Close up of hybrid turf on a sports field surface
Panoramice view of an AFL sports field using a hybrid turf surface

Advancements in technology allows us to artificially improve the performance of a natural turf surface and its profile. This is through the inclusion of proprietary systems and products within the profile itself.

Hybrid and profile reinforcement systems improve the durability of the surface and stability of the profile. Some of these systems enable the off-site production of ‘ready-to-play’ turf, which can be harvested at the farm, transported and installed at the venue, then used within days of installation.

Our definition of both systems are as follows:

  • Hybrid grass, or hybrid turf, is made up of synthetic fibres that extend above the growing medium and combine with the natural turf leaves and stems.
  • Reinforced profiles consist of a proprietary system that is contained within the profile growing medium and does not extend above the growing medium.

It is important to know the difference between a hybrid product and profile reinforcement system. A hybrid grass system and a reinforced profile both improve the stability of a sand profile and can be established as a ‘ready-to-play’ product. However, when the natural turf coverage is worn out due to high wear, only the hybrid turf will provide a green ‘tinge’ across the surface, due to its fibres protruding through the surface. A reinforced profile, however, will not aid with the visual aesthetics.

Here at SPORTENG, our team are well versed with all the hybrid and profile reinforced systems on the market. We can provide you with the information and advice you need to select the appropriate surface for your project.

From planning to design, construction to maintenance, sports surfaces are at the home of athletes across the globe.

Our surface knowledge covers a range of sports and their associated fields of play, from local- and regional-level facilities, to elite national and international stadiums.

Our Approach

Panoramic view of a soccer sports field using a hybrid turf surface

If you’re considering if a hybrid turf or reinforced profile is suitable for your project, it is important to understand the limitations with each of the systems. You need to appreciate and assess the advantages and disadvantages of each against the desired outcomes for the project.

When determining if hybrid turf or a reinforced profile is a suitable option for your project, you should consider and account for turf variety, profile, operating conditions and maintenance requirements.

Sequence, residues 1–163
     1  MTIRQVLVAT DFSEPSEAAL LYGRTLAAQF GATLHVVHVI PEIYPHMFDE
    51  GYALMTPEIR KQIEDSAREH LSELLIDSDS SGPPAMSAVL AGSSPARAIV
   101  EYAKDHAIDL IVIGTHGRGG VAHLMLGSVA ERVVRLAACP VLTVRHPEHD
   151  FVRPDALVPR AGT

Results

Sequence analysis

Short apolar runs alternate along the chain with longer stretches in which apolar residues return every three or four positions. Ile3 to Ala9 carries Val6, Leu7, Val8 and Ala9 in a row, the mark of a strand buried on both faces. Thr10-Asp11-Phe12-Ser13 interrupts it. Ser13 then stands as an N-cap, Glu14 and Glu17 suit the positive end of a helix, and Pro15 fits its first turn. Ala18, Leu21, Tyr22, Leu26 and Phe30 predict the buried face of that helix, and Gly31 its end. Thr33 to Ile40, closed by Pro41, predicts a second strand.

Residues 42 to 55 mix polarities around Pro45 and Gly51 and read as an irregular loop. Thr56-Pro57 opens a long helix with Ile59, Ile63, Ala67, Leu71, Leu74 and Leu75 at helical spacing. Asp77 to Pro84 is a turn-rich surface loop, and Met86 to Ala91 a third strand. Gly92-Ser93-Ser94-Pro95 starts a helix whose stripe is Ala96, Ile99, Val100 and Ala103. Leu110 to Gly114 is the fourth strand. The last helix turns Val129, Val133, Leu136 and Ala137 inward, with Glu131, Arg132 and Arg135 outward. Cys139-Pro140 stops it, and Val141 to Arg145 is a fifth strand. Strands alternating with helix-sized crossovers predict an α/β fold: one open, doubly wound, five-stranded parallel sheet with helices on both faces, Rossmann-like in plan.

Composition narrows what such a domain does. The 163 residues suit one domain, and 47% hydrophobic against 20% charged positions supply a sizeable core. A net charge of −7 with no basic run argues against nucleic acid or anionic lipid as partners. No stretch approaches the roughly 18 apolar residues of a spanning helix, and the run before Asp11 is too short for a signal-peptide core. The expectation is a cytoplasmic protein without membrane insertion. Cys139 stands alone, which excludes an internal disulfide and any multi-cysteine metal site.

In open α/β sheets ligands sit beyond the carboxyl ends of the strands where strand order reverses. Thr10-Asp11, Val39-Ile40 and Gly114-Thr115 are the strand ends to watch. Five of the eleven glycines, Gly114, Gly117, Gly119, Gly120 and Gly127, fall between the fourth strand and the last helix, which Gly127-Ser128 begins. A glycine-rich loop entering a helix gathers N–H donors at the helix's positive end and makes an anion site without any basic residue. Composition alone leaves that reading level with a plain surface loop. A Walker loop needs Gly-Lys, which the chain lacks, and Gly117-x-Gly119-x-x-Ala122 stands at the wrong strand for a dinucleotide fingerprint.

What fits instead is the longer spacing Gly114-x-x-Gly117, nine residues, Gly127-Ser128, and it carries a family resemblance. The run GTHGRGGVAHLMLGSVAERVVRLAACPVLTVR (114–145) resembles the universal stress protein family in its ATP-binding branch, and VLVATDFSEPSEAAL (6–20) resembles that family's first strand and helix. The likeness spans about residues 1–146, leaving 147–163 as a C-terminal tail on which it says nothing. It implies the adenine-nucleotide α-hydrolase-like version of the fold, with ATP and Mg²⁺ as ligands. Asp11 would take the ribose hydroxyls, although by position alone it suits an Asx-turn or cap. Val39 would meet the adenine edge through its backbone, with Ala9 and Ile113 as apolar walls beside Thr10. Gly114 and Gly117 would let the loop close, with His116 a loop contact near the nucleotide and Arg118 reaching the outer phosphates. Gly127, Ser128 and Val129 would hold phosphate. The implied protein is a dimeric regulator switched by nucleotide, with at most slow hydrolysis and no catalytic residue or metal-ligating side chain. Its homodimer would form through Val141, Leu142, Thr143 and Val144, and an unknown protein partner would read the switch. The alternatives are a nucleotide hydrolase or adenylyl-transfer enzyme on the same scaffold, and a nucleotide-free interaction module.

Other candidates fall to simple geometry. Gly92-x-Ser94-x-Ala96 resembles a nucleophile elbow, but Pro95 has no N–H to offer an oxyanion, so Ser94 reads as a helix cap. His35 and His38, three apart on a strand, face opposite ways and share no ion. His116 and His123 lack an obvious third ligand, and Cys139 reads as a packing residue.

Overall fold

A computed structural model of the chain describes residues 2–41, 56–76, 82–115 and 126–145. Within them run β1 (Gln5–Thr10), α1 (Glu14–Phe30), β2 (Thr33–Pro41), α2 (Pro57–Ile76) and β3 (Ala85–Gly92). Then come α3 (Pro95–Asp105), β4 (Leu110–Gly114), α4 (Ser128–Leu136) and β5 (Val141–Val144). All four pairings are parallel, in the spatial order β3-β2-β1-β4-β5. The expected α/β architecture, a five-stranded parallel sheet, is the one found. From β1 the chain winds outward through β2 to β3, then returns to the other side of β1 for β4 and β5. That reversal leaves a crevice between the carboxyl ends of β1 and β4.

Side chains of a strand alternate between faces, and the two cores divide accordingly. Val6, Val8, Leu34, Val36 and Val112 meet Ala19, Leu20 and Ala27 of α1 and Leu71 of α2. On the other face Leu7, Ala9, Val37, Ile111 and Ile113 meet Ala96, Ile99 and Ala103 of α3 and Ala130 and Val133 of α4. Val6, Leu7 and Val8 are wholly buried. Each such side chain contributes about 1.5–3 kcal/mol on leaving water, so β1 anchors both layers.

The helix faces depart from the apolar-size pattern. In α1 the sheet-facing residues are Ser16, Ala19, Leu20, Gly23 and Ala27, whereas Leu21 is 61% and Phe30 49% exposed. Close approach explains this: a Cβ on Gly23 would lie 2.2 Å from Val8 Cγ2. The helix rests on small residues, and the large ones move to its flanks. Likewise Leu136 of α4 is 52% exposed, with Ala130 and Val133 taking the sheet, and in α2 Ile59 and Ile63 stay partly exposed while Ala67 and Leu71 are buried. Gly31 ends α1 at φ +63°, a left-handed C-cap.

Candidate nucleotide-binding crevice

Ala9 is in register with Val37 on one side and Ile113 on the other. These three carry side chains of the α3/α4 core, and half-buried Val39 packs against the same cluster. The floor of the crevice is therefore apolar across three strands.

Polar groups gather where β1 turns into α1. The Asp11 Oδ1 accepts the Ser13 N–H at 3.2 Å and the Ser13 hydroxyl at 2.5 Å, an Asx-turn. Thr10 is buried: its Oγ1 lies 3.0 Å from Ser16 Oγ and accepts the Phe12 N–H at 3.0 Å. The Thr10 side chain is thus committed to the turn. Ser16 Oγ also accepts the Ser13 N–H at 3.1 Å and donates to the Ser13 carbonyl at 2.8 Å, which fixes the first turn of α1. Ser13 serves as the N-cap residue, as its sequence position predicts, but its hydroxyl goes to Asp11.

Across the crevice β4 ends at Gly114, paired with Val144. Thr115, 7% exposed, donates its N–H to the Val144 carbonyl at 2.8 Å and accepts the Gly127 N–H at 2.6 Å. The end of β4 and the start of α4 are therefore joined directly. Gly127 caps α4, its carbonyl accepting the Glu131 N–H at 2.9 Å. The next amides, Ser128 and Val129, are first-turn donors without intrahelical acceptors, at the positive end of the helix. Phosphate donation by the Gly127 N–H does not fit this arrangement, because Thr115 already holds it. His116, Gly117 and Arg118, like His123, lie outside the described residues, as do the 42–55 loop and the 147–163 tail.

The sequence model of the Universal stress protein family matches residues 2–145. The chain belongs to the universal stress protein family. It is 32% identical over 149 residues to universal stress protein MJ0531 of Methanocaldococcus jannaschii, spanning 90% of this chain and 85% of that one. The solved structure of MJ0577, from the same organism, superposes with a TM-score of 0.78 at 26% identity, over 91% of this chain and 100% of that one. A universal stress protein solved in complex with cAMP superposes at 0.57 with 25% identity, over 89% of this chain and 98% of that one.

A hybrid grass surface can be installed in two ways:

  • Stitching synthetic fibres into an established natural turf profile using a specialised stitching machine.
  • A mat/carpet laid product infilled with rootzone sand growing medium with fibres extending beyond the infill and turf established via seed (cool season) or stolons (warm season).

A profile reinforced system needs to be included into the playing surface profile prior to the natural turf being established.

Natural Turf Surface Profiles

Confidently select the perfect natural turf profile.


Whole-of-life Cycle

Close up of hybrid turf on a soccer sports field
Panoamic view of an AFL sports field hybrid turf surface

When you’re considering a surface for your facility, ongoing maintenance and its whole-of-life cycle should be a priority.

When a surface is properly maintained and correctly used, your facility will have an optimal lifespan.

The introduction of a proprietary hybrid or profile reinforcement system into a rootzone sand profile will impact some of the typical maintenance practices.

The inclusion of either surface will result in the profile initially being ‘firmer’ underfoot and may require an increase in aeration processes, such as verti-draining, to soften underfoot. This is typically the same for all profile-stabilising products.

There will also be the following limitations depending on the proprietary system. These include:

  • The extent of the ‘kick’ of the verti-drain needs to be reduced to avoid ripping the system up.
  • Hollow coring may not penetrate through and beyond the backing material.
  • Depending on the product, it may retain moisture at the backing or turf interface. This can be easily managed through routine aeration practices.

At the end of the design life, the growing medium cannot be disposed of as a landscape product due to the inclusion of the synthetic system. The excavated growing medium would need to be sieved to remove the proprietary system prior to the growing medium being used for landscape purposes or similar.